Theo said the House would ratify the three pacts as soon as the government submitted them. But he said he was not entirely happy with Singapore's pledge to accept the 15-year retroactive period, saying it could have been longer because Singapore had dragged on its feet on the negotiations.
"The accord requires Singapore to extradite all Indonesian fugitives no matter if they have changed their citizenship. What counts is that they were Indonesian when they committed their crimes."
Yasonna Hamonangan Laoly, a legislator from the Indonesian Democratic Party of Struggle (PDI-P), was skeptical about the Extradition Treaty. He said he feared Indonesian criminals would flee Singapore when the treaty takes effect. "Singapore should be cooperative in tracing the bank accounts of Indonesian fugitives," he said.
Yasonna and Theo were of the opinion that Indonesia should immediately draw up a trade agreement requiring the two countries to be transparent in their bilateral trade balance.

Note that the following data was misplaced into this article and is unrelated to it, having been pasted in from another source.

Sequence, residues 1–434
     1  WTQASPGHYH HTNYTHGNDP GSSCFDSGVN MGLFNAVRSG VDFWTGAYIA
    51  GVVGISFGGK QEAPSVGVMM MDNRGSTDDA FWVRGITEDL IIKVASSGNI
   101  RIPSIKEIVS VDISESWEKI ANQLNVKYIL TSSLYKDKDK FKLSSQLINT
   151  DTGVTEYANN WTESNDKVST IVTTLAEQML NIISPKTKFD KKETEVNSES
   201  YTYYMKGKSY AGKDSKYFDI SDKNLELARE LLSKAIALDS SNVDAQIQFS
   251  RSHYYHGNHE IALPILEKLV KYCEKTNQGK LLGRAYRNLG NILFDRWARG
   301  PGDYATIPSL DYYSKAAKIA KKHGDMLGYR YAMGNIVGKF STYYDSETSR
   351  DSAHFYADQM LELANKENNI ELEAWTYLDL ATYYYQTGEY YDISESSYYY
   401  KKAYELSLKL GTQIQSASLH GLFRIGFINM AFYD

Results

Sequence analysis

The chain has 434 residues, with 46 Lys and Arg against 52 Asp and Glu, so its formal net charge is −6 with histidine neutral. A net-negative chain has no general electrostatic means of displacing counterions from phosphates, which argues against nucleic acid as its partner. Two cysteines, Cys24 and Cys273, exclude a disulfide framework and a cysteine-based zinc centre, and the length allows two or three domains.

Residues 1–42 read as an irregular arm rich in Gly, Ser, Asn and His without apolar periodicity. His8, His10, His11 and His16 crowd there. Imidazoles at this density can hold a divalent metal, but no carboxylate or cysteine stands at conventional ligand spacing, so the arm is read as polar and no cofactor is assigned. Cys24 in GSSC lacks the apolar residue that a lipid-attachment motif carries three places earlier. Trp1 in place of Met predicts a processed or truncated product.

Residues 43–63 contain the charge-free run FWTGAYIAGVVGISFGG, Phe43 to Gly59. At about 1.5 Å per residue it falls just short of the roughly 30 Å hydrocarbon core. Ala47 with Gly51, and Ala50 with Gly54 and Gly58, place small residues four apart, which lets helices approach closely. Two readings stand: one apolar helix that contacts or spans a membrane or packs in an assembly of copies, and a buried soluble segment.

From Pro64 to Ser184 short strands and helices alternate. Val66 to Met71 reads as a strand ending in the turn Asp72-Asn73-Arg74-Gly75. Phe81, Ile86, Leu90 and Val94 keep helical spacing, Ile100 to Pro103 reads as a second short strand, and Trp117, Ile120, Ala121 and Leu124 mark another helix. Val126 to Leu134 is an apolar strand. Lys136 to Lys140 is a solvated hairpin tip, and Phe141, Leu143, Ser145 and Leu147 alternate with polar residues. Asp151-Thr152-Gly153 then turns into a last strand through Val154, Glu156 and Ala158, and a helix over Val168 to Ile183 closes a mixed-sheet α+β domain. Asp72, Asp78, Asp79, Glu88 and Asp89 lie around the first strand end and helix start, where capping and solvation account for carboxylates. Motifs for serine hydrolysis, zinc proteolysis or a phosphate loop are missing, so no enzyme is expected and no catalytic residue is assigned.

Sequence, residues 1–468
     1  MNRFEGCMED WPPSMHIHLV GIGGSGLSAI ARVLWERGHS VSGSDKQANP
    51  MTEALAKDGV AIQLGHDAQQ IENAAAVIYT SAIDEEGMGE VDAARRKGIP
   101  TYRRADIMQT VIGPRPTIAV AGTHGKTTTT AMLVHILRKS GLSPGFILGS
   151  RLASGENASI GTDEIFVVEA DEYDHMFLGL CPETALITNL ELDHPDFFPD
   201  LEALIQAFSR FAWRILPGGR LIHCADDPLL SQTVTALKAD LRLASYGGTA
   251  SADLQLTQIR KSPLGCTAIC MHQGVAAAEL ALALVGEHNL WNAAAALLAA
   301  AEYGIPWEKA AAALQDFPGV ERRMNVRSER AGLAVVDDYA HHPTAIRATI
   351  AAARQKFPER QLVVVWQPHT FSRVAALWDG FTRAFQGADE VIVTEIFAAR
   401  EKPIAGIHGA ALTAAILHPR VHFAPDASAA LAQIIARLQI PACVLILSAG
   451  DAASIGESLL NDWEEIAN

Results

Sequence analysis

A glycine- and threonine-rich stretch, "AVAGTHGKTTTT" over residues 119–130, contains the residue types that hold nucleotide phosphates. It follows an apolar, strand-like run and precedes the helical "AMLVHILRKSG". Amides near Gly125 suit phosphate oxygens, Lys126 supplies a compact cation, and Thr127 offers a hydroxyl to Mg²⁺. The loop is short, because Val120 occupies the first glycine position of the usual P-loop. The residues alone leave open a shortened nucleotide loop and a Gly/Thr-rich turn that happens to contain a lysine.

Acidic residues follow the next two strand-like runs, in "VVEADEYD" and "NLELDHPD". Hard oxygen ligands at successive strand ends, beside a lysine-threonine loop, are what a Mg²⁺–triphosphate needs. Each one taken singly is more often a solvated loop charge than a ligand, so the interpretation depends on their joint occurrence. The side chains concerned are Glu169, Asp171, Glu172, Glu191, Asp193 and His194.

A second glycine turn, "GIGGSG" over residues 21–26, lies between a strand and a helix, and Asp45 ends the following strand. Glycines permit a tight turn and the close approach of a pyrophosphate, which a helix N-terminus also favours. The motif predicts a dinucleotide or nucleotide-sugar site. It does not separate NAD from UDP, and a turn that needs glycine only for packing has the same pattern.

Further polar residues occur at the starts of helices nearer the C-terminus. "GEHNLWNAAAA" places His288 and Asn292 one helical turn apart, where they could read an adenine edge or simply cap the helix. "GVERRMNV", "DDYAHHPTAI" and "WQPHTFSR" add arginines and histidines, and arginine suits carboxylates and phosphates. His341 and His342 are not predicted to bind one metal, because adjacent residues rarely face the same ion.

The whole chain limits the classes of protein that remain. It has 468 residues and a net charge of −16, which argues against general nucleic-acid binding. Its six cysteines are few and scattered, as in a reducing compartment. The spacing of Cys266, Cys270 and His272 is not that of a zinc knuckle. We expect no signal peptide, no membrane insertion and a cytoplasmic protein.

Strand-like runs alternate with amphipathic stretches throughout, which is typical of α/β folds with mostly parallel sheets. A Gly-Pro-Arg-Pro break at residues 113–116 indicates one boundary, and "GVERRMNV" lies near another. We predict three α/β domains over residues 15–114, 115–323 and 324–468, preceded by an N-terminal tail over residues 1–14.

"The three agreements should encourage the two countries to enhance their economic ties," Yasonna said, adding he feared the three agreements could make vast Indonesia "more integrated" into the neighboring city state.
Yasonna said the two countries should also discuss border issues and take joint action to stop illegal sand quarrying on the Riau Islands for export to Singapore.
Meanwhile, Andi Widjayanto, a military analyst with the University of Indonesia, criticized the agreement on defense cooperation and the implementation of training areas between the two countries' militaries, saying it showed that Indonesia had less control of its territorial sovereignty.
"Indonesia gains nothing and makes available its territory to Singapore's military despite the ruling that Indonesia can say no to involvement of a third party (in the exercises) and that any breaches of law would be tried under Indonesian law," he said.
Pointers of the defense cooperation agreement:
1. Indonesia allows Singapore to use its certain waters and air territory for military exercises with or without Indonesia and third countries.